Joe Rochefort's War: The Odyssey of the Codebreaker Who Outwitted Yamamoto at Midway

Joe Rochefort's War: The Odyssey of the Codebreaker Who Outwitted Yamamoto at Midway

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by Elliot Carlson, USN (Ret.), Rear Adm. Donald "Mac" Showers
     
 

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Elliot Carlson’s award-winning biography of Capt. Joe Rochefort is the first to be written about the officer who headed Station Hypo, the U.S. Navy’s signals monitoring and cryptographic intelligence unit at Pearl Harbor, and who broke the Japanese navy’s code before the Battle of Midway. The book brings Rochefort to life as the irreverent,

Overview


Elliot Carlson’s award-winning biography of Capt. Joe Rochefort is the first to be written about the officer who headed Station Hypo, the U.S. Navy’s signals monitoring and cryptographic intelligence unit at Pearl Harbor, and who broke the Japanese navy’s code before the Battle of Midway. The book brings Rochefort to life as the irreverent, fiercely independent, and consequential officer that he was. Readers share his frustrations as he searches in vain for Yamamoto’s fleet prior to the Japanese attack on Pearl Harbor, but share his joy when he succeeds in tracking the fleet in early 1942 and breaks the code that leads Rochefort to believe Yamamoto’s invasion target is Midway. His conclusions, bitterly opposed by some top Navy brass, are credited with making the U.S. victory possible and helping to change the course of the war. The author tells the story of how opponents in Washington forced Rochefort’s removal from Station Hypo and denied him the Distinguished Service Medal recommended by Admiral Nimitz. In capturing the interplay of policy and personality and the role played by politics at the highest levels of the Navy, Carlson reveals a side of the intelligence community seldom seen by outsiders.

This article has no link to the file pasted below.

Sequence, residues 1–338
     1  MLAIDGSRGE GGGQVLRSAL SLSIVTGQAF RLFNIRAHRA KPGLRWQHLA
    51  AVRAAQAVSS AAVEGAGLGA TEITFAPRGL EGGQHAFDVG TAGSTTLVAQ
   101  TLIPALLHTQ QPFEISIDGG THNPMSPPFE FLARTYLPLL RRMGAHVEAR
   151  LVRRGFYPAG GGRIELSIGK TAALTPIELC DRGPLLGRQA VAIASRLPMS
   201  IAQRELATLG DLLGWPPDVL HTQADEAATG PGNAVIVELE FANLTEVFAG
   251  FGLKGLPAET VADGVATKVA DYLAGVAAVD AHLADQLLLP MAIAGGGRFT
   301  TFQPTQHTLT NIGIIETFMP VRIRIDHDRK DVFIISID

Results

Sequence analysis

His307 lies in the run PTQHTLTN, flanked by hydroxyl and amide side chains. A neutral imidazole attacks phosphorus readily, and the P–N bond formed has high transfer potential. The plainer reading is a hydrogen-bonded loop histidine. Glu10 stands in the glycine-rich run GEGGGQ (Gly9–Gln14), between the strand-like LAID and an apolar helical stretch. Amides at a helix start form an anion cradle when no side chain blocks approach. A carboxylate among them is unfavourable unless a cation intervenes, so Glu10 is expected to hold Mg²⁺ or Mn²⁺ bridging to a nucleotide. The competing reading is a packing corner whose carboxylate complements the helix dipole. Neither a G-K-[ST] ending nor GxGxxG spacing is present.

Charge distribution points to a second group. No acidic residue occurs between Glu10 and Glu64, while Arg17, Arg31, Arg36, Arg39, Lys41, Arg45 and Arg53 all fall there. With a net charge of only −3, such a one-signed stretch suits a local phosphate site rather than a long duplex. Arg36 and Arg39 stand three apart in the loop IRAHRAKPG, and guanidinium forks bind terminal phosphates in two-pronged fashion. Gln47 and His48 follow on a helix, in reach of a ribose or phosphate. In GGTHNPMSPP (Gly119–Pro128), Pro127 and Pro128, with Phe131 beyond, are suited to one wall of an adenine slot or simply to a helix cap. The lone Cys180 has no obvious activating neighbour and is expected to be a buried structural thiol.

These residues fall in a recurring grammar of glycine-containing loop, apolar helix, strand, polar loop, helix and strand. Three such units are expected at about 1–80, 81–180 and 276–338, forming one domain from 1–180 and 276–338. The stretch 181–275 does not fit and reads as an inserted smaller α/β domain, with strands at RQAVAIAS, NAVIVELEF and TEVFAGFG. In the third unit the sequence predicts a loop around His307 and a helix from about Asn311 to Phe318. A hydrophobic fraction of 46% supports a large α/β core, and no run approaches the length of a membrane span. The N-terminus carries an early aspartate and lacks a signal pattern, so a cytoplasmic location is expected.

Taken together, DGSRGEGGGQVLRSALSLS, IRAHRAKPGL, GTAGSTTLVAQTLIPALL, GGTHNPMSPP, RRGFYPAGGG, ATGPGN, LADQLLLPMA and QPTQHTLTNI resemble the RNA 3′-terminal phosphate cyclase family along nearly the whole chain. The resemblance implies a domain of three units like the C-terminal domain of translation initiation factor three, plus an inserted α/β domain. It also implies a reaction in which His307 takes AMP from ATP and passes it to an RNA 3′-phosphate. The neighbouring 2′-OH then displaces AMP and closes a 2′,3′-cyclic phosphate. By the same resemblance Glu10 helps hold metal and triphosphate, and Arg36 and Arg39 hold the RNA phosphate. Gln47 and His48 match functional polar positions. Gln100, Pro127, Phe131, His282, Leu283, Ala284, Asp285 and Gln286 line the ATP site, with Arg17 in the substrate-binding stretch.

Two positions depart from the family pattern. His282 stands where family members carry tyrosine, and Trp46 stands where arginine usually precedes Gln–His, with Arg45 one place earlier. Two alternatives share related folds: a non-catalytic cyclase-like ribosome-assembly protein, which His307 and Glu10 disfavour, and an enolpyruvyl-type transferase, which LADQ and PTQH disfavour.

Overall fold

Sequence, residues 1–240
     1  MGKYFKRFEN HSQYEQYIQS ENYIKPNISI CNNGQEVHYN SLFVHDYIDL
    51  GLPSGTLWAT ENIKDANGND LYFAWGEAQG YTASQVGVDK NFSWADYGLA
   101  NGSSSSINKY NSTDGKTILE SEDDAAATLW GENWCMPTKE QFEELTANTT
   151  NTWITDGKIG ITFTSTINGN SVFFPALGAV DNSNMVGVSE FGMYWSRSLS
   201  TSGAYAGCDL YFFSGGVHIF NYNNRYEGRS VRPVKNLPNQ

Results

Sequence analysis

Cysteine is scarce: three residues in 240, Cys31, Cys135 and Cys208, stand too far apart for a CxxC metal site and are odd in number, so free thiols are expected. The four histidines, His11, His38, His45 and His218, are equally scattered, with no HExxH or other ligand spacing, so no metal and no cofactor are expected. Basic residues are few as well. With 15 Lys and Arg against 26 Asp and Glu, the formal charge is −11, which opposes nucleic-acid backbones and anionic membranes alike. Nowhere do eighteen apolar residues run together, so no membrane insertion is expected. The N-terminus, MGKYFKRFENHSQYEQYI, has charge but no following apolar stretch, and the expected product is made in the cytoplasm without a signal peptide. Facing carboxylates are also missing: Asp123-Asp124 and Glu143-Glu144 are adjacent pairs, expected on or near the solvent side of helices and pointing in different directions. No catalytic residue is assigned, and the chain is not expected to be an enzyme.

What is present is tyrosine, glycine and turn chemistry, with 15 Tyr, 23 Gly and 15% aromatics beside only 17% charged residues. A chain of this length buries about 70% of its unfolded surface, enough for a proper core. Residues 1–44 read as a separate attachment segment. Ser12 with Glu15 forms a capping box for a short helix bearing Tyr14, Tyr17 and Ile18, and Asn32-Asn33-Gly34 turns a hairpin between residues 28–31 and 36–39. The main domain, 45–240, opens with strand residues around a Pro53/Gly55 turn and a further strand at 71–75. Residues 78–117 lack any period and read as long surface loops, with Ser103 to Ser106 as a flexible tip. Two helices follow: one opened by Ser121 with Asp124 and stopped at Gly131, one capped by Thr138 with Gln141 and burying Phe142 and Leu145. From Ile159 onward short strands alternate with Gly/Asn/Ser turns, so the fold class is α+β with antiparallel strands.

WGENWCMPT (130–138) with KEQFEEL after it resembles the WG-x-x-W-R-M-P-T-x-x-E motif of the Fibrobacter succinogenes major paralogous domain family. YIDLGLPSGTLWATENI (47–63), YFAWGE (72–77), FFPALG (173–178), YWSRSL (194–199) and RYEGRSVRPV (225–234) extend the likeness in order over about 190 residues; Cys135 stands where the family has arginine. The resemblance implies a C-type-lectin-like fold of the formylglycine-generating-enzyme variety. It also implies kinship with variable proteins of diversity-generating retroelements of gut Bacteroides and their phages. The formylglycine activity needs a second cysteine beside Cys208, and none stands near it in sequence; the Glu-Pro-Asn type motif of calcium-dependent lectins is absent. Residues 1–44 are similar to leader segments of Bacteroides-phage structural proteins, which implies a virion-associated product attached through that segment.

For a full understanding of the man, Carlson examines Rochefort’s love-hate relationship with cryptanalysis, his adventure-filled years in the 1930s as the right-hand man to the Commander in Chief of the U.S. Fleet, and his return to codebreaking in mid-1941 as the officer in charge of Station Hypo. He traces Rochefort’s career from his enlistment in 1918 to his posting in Washington as head of the Navy’s codebreaking desk at age twenty-five, and beyond. In many ways a reinterpretation of Rochefort, the book makes clear the key role his codebreaking played in the outcome of Midway and the legacy he left of reporting actionable intelligence directly to the fleet. An epilogue describes efforts waged by Rochefort’s colleagues to obtain the medal denied him in 1942—a drive that finally paid off in 1986 when the medal was awarded posthumously.

Editorial Reviews

From the Publisher

“Elliot Carlson’s Joe Rochefort’s War is one of the most important books on the Pacific War to appear in many years. It is nothing less than a tour de force. Never before has the complicated story of U. S. naval codebreaking in the opening phase of the war been told so fully and so well, and in such a fair and judicious fashion. It is absolutely essential for a fuller understanding of the terrible surprise at Pearl Harbor and the rapid resurgence of the Pacific Fleet that culminated in the decisive victory at Midway."—John B. Lundstrom, author of Black Shoe Carrier Admiral: Frank Jack Fletcher at Coral Sea, Midway and Guadalcanal